I've followed healthy whole food topics since I discovered whole-wheat bread as a teenager. That may sound funny to some people today, but Mom never bought whole-wheat bread when I was young. She said it was the kind of food she'd grown up eating during the Depression and it reminded her of being poor when she was young and maybe she was looking to escape her past, but when I first got my driver's license, I'd sneak off to this hole-in-the-wall mom-and-pop health food store where I carefully look over oils, nut butters and I shamelessly spent my weekly allowance on carrot juice, heavy frut and nut muffins and raw milk. I'm not really obsessive about food like the organic-only-locally-procured-gluten-sugar-dairy-corn-and-soy-free crowd, but I've always felt at home in natural food stores (the mom and pop types) and I love farmers' markets even more. And most of the foods I eat today happen to be fresh and locally grown.
The event tomorrow evening at 7 pm at the Lynnwood Library features 10 of the healthiest foods to add to your diet. Of course I'll add a few Northwest farmer stories, and I decided to add a slide show since the one in Snohomish was so well-received.
Here are three foods I'll mention and a few of the slides that I'll bring to the show:
Apples have an amazing antioxidant content that inhibits cancer cells and helps lower cholesterol. According to this study, amount of phytochemicals varies among apple varieties with the bright red types containing more phytonutrients than green apples. Also apple peels contain many unique nutrients, so eating the whole apple is a healthier option than sipping fiber-free apple juice.
I snapped this photo at Bellewood Acres last fall at Whatcom County Farm day.
Carrots aren't just for your eyes like your mom may have told you in a lame attempt to lure you to try them as a child. With 87% water content, carrots still have the highest amount of carotene of all vegetables. Lutein, lycopene and alpha and beta--these powerful antioxidants reduce the risk of cancer and heart disease. At Carrot Museum website, I learned that most of the nutrients in carrots were just below the skin, yet another reason to leave the skin on and pass on those baby peeled carrots in big bags. These Purple Haze carrots made a perfect picture at Garden Treasures in Arlington.
Berries are also on the list because no self-respecting healthy food list would be complete without them. While people often mention blueberries when asked to name nutritious fruits, raspberries, blackberries, strawberries, huckleberries and cranberries all contain unique compounds that compliment each other. One component in strawberries was found to be helpful in memory retention; raspberries contain bone-building vitamin K; and cranberries (blueberry relatives) contain components that prevent E-coli from clinging to the cells of the urinary tract. This colorful photo was snapped at the Pennington Farms booth at the Medford farmers' market in southern Oregon.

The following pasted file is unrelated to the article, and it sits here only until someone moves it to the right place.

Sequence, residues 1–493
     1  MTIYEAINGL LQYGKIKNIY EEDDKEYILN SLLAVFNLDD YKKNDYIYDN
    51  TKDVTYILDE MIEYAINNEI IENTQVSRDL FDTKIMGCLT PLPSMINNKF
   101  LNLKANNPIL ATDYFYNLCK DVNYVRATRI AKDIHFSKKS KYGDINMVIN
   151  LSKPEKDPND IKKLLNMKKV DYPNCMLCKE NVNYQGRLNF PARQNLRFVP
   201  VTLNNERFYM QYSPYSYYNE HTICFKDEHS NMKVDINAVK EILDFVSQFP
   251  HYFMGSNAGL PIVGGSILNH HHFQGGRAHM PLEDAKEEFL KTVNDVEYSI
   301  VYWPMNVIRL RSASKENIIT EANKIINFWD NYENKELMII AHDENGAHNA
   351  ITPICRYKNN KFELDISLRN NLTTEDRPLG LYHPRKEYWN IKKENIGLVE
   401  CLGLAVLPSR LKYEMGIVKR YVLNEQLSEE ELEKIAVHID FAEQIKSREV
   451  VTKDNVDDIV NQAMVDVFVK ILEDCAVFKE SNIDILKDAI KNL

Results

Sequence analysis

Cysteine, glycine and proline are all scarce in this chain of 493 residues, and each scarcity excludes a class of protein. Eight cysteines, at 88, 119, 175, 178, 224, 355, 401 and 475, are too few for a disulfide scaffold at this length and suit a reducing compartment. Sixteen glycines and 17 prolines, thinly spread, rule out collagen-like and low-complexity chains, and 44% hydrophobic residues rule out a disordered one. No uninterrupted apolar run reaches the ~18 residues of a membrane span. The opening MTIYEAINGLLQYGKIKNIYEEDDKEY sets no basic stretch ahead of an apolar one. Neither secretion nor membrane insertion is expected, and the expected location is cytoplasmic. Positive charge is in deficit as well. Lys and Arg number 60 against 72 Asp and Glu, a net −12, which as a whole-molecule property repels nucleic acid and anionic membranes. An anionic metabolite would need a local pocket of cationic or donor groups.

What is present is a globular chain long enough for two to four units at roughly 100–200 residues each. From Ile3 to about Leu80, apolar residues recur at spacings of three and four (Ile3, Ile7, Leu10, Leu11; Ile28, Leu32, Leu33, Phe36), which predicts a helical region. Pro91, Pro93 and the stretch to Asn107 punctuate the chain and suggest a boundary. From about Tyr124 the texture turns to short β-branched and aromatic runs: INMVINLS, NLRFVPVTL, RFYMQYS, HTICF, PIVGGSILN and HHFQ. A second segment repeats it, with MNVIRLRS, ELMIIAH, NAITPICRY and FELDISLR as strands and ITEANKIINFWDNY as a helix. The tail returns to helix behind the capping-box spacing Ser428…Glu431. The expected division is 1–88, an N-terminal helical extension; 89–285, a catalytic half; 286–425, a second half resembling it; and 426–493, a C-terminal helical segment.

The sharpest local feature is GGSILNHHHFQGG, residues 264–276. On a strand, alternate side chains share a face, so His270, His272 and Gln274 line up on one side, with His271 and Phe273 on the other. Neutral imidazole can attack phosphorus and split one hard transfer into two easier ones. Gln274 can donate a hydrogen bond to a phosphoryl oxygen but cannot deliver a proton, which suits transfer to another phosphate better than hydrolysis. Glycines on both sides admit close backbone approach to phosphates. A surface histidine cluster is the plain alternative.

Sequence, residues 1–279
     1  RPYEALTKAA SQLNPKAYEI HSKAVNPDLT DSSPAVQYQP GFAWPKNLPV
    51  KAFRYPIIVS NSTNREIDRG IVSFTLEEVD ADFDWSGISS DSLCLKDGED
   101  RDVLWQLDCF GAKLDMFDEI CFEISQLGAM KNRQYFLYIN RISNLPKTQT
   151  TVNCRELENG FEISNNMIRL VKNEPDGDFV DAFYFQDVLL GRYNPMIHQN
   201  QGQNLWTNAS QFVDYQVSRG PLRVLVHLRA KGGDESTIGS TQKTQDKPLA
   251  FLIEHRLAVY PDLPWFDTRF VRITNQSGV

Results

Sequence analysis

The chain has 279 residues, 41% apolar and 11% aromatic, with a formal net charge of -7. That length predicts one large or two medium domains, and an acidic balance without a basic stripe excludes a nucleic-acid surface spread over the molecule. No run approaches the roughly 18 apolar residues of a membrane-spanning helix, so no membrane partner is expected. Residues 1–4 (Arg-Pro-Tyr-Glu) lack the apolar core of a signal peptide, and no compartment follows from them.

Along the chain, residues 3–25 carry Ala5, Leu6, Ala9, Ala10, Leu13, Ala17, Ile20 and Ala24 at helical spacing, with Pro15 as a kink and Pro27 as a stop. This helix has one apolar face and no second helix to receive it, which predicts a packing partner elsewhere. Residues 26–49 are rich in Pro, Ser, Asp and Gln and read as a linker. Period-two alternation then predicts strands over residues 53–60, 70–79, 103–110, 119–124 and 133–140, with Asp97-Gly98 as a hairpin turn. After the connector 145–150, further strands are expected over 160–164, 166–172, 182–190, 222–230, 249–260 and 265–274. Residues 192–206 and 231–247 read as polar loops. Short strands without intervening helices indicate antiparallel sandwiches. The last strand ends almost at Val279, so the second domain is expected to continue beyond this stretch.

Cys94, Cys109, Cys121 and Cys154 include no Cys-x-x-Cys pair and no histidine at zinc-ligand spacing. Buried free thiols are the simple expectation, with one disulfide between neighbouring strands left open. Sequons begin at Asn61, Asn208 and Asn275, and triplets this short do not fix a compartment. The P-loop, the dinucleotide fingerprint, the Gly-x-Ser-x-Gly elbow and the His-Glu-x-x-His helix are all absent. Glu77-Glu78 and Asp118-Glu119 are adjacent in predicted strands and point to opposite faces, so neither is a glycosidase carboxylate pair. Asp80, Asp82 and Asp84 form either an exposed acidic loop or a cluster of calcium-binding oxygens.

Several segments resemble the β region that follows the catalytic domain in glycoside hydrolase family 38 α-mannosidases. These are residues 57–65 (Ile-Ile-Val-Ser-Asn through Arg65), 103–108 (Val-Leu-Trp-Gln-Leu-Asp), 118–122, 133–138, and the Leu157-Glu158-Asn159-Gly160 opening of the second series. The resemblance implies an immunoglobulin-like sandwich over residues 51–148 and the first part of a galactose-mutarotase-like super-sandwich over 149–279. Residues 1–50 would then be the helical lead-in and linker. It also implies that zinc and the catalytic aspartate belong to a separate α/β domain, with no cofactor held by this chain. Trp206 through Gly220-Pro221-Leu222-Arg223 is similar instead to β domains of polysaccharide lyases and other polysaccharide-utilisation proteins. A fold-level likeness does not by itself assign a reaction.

These are just a few tidbits to arouse your curiousity about the foods you eat, but the most fascinating thing I discovered while compiling this list of ten foods was that a variety of fruits and vegetables in the diet enhance each other. Though one study in 2010 implied that eating fruits and vegetables won't protect people from getting cancer, another article about carrots and broccolis revealed these two vegetables act on different pathways to protect cells from free-radical cancer causing cells. And a berry study suggested that antioxidants in blueberries were enhanced by phytochemicals in raspberries, implying a diverse diet is as healthy for us as a diverse sustainable farm is for the earth.
My Cooking Assistant (and oldest basset Badger) yawn over my gushing enthusiasm for healthy fresh food. My Assistant isn't really lazy, he just prefers to get back to the real fun--food photos. Hope to see you at the event.